|Authors: ||V.O. Stockwell, K. Hockett, C. Marie, B. Duffy|
|Keywords: ||Erwinia persicina, Erwinia rhapontici, bacterial pigment, proferrorosamine|
Accurate diagnosis of fire blight from plant samples relies on characteristic colony appearance of Erwinia amylovora on isolation media.
We found that diagnosis is occasionally hindered due to a pink coloration of pathogen colonies on plates with mixed cultures.
When these pink colonies were streaked to purity, E. amylovora reverted to typical white mucoid colonies on King's medium B. However, E. amylovora rapidly develops a vivid pink color when streaked adjacent to, but not in contact with, phyllosphere epiphytes Erwinia persicina or Erwinia rhapontici. These bacteria had no inhibitory activity against E. amylovora in vitro.
Laboratory assays with E. persicina indicate that it produces a non-volatile, color-changing metabolite, which is accumulated by E. amylovora. Cell-free extracts from E. persicina cultures caused an identical pink coloration in E. amylovora. The colorless extracts developed an intense pink color upon addition of iron.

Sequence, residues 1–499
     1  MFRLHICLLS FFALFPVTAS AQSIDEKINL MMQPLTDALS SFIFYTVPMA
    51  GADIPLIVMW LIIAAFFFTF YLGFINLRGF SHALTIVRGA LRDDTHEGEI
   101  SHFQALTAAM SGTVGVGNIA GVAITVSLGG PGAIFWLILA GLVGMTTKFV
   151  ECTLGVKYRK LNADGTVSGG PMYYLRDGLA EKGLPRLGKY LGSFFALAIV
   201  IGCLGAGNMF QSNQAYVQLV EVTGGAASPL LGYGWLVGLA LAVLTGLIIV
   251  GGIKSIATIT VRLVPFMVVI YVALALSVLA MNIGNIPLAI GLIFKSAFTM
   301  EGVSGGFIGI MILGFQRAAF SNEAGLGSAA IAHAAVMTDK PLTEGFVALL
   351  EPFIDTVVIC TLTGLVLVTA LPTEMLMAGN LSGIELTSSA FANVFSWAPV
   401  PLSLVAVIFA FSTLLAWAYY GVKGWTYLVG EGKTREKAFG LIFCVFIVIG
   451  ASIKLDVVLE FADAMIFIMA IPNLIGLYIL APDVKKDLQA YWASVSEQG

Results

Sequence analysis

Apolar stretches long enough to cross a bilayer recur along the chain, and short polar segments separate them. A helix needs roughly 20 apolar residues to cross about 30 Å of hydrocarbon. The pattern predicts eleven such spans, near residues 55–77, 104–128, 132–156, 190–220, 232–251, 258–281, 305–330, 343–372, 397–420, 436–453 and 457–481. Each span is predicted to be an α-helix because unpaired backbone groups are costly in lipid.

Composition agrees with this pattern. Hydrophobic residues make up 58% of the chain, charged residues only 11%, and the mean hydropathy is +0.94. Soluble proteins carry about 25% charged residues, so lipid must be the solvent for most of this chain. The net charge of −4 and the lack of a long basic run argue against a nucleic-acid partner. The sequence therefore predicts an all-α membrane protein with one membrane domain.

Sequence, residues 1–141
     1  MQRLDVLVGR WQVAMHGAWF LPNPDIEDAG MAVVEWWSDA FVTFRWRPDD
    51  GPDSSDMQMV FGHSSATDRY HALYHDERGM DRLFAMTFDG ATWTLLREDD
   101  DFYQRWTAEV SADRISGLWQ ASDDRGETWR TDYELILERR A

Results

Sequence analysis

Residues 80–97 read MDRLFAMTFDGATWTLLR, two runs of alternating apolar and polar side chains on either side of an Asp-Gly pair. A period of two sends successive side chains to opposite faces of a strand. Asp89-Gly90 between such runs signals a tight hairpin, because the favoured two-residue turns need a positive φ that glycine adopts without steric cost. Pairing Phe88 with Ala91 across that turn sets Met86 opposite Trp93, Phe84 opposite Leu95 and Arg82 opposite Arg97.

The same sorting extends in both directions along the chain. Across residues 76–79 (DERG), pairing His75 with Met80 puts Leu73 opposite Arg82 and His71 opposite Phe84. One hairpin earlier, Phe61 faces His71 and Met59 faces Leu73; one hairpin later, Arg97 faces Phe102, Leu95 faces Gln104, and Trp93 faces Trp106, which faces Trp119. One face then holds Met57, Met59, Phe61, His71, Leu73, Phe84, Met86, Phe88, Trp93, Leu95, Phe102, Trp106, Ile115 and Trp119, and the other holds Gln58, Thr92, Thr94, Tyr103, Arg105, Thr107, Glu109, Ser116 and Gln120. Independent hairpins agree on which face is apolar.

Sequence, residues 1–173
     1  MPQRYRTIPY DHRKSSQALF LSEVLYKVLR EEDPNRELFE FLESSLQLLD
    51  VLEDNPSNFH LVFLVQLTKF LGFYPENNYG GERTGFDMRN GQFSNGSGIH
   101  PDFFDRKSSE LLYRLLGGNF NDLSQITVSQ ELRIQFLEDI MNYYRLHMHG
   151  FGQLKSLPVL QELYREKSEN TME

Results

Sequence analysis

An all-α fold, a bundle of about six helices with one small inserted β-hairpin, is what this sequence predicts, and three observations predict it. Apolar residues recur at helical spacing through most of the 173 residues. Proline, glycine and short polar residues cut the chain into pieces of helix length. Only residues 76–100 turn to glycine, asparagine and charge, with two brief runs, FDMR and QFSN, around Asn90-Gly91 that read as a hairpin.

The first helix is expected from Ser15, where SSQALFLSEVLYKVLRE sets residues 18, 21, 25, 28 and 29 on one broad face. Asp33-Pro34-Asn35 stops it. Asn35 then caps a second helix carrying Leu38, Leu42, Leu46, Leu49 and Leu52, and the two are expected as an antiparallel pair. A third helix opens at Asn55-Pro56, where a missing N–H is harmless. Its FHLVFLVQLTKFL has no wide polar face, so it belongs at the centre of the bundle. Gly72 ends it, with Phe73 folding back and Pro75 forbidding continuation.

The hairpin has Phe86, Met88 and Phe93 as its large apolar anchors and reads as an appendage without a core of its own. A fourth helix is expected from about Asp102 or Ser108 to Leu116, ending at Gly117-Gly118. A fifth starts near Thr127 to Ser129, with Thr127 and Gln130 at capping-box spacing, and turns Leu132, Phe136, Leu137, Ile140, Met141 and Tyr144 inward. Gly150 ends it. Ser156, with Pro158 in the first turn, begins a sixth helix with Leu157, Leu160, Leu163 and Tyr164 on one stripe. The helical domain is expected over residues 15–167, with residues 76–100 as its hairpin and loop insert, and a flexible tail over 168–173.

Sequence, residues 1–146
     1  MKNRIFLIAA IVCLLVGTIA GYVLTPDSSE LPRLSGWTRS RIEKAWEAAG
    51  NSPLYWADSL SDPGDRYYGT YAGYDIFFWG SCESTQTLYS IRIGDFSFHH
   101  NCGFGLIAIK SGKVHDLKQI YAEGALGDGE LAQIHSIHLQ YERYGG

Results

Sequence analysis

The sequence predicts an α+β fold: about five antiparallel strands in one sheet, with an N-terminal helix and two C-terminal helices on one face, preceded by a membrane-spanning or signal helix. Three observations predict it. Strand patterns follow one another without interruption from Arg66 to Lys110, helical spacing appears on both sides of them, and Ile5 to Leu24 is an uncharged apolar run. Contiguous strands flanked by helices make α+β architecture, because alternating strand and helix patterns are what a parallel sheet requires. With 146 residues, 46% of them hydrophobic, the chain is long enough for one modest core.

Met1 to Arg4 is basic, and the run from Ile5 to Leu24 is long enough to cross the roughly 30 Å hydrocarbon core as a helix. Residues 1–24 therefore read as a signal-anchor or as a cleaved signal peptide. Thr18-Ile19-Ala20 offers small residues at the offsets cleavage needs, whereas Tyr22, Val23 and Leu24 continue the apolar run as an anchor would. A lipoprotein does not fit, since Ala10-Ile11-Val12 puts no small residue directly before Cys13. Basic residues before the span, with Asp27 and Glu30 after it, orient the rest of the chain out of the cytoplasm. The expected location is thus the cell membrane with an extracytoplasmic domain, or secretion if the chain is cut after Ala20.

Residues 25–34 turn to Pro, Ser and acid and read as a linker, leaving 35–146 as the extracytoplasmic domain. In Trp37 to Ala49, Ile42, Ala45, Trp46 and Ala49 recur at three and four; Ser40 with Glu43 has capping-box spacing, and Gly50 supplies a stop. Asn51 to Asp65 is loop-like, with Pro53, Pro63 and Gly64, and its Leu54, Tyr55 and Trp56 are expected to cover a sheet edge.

The absorption spectrum of the ferrated extract had a major peak at 556 nm and a shoulder at 510 nm characteristic of the iron (II) chelator proferrorosamine (pFR). Diffusion of pFR in agar from E. persicina was visible only in media containing iron; otherwise the pink coloration was only seen in colonies.
Our findings demonstrate that although E. persicina or E. rhapontici do not inhibit growth of E. amylovora in vitro, the pathogenís absorption of the pFR they secrete, poses a concern in diagnostics because atypical colony-color can lead to pathogen misidentification.
Download Adobe Acrobat Reader (free software to read PDF files)
Hosted by KU Leuven LIBIS